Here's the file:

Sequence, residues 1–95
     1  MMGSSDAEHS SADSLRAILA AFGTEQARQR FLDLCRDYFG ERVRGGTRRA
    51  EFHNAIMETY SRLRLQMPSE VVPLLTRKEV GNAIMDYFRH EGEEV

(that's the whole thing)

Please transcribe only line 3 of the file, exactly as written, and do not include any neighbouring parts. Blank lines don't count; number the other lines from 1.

    51  EFHNAIMETY SRLRLQMPSE VVPLLTRKEV GNAIMDYFRH EGEEV